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The Jealousy Creek Project was an initiative to reduce alcohol consumption and improve community safety in the four towns of Budulah, Karmarlinunga, Burnnuhga and Djimung Ngude (known as the Town Reserve Communities), in the Shire of Derby/West Kimberley (SDWK) in Western Australia.
A drinking spot, known to the locals of this area as 'Jealousy Creek', was attracting people from outside the local communities. The large amount of alcohol consumed at Jealousy Creek often led to violence and noise issues disturbing residents, especially children. In addition to alcohol issues, the area was unsafe due to the number of washouts that had occurred during previous wet seasons, leaving deep gullies and a deteriorated culvert, which were traps for serious injuries.
At the Town Reserve Community meeting, it was agreed that something needed to be done to stop people drinking at Jealousy Creek. After consulting with the Aboriginal Land Trust, the Aboriginal Environmental Health Unit and the Derby Police chaired a Town Reserve meeting. A decision was made to install new drainage and build a sign-posted fence to let people know that drinking would no longer be permitted in the area.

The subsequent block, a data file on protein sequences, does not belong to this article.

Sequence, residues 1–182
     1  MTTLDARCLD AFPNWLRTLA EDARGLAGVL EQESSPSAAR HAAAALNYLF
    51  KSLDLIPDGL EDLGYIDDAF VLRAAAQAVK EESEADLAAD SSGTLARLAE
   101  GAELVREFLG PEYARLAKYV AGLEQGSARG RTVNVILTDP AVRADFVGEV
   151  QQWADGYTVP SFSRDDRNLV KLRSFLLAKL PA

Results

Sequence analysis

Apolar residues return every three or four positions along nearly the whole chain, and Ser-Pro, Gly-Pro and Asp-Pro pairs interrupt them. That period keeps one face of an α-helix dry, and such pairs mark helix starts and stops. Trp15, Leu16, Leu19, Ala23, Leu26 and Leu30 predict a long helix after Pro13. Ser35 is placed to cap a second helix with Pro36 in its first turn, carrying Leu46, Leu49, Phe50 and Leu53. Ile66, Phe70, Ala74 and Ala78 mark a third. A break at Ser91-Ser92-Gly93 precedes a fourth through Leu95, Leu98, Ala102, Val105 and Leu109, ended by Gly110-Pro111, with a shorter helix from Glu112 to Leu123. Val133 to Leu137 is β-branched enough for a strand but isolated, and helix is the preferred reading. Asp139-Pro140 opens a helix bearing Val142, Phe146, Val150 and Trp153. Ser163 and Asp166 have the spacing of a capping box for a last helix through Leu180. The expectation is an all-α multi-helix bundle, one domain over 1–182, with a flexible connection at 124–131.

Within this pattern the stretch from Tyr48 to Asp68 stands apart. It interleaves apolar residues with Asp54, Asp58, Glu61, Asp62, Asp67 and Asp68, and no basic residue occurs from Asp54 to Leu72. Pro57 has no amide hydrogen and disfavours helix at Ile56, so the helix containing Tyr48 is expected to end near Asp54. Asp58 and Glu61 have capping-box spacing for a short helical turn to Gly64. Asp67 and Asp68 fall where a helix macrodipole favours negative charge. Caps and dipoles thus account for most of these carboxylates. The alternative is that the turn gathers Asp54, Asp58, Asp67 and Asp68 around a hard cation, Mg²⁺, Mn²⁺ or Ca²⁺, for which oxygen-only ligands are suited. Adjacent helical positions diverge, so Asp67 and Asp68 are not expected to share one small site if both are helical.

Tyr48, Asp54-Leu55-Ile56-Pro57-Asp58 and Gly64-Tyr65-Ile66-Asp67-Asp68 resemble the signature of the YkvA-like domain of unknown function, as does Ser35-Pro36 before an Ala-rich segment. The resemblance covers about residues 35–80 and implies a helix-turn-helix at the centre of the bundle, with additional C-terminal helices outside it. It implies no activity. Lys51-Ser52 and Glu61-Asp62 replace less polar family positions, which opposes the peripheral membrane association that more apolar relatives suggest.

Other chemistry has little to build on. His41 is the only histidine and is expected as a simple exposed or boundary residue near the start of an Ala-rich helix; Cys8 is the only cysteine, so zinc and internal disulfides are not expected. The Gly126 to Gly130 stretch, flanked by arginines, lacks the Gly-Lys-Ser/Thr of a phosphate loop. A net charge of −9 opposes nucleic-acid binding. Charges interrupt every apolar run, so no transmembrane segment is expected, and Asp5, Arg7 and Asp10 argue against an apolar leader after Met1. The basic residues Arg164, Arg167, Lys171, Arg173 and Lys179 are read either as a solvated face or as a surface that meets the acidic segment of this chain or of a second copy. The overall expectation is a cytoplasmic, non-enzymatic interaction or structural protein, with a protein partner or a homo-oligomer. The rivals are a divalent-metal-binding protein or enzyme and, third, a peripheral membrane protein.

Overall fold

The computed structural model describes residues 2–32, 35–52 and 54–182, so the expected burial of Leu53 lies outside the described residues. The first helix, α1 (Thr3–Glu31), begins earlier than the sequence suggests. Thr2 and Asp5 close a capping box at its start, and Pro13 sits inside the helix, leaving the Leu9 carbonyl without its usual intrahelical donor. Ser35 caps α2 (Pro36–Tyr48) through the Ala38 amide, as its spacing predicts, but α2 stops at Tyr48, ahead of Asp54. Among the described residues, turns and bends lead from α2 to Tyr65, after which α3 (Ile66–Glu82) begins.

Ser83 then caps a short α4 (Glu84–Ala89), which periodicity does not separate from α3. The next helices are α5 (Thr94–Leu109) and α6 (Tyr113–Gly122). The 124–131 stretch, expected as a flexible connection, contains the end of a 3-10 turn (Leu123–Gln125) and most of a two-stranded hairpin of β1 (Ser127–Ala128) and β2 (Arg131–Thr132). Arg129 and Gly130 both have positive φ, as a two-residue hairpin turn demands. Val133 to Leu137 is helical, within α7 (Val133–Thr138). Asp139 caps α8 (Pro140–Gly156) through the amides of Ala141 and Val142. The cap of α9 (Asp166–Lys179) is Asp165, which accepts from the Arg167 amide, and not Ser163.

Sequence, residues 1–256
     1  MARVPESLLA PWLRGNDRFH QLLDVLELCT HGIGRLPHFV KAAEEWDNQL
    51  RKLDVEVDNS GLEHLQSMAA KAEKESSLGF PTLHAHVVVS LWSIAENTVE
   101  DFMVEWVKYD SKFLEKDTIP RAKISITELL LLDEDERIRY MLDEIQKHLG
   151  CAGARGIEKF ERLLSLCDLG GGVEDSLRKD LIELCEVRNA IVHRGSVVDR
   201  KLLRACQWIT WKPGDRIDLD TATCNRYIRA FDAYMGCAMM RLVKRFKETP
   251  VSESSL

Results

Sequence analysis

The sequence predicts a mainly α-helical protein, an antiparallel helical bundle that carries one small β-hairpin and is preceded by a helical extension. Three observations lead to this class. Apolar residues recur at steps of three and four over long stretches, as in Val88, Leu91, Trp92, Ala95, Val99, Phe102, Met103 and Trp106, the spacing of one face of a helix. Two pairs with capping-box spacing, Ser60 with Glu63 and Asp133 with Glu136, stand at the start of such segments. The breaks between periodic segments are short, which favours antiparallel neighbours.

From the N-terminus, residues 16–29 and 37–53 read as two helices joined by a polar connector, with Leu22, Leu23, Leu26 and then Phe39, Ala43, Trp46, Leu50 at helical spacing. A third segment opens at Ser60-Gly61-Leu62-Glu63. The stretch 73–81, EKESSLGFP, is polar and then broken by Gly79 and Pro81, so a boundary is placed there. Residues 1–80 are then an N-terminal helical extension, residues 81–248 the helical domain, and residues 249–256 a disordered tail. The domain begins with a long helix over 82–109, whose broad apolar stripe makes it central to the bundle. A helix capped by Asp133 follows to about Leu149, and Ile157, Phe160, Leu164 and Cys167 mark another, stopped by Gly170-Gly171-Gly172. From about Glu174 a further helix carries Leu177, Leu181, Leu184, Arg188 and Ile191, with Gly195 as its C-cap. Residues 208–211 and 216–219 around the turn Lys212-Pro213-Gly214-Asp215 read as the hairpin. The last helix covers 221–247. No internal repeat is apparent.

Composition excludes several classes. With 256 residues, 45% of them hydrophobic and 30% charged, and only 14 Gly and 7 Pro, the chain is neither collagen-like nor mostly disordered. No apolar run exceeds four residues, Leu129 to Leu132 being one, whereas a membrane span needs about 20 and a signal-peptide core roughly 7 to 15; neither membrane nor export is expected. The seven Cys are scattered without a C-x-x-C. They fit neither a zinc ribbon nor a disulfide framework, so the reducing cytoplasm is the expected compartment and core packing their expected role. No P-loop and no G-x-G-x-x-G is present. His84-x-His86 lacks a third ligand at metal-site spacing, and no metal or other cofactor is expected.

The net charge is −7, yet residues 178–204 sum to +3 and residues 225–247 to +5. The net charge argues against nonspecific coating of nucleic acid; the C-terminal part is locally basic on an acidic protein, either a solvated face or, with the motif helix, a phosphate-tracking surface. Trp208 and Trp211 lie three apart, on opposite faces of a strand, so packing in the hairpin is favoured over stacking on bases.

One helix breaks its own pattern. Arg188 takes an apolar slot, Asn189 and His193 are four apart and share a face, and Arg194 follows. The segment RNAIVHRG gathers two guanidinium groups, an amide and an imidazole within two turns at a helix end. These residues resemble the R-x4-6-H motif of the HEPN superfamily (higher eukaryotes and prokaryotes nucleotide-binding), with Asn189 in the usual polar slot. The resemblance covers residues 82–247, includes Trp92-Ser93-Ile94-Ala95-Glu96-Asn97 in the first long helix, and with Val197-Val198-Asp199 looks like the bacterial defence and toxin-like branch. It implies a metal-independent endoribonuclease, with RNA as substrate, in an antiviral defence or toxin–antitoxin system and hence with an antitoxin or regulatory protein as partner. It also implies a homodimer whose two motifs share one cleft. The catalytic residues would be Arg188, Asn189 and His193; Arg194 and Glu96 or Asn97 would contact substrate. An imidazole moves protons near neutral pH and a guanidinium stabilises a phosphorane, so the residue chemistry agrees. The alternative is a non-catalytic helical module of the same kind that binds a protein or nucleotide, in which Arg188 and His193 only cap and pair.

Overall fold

Funding was provided by the Department of Indigenous Affairs and the SDWK. The community members were advised that anyone who was caught drinking at Jealousy Creek would face a number of penalties including a fine, move on notices and in extreme cases, arrest. Following these measures, there have been no transgressions to date.
Abstract adapted from the West Australian Indigenous storybook
Shire of Derby/West Kimberley
PO Box 94
Derby WA 6728
Ph: (08) 9191 0999
Fax: (08) 9191 0998
Department of Indigenous Affairs
Ground Floor, 151 Royal St
East Perth WA 6004
PO Box 3153
East Perth 6892
Ph: 1300 651 077
Fax: 6551 8088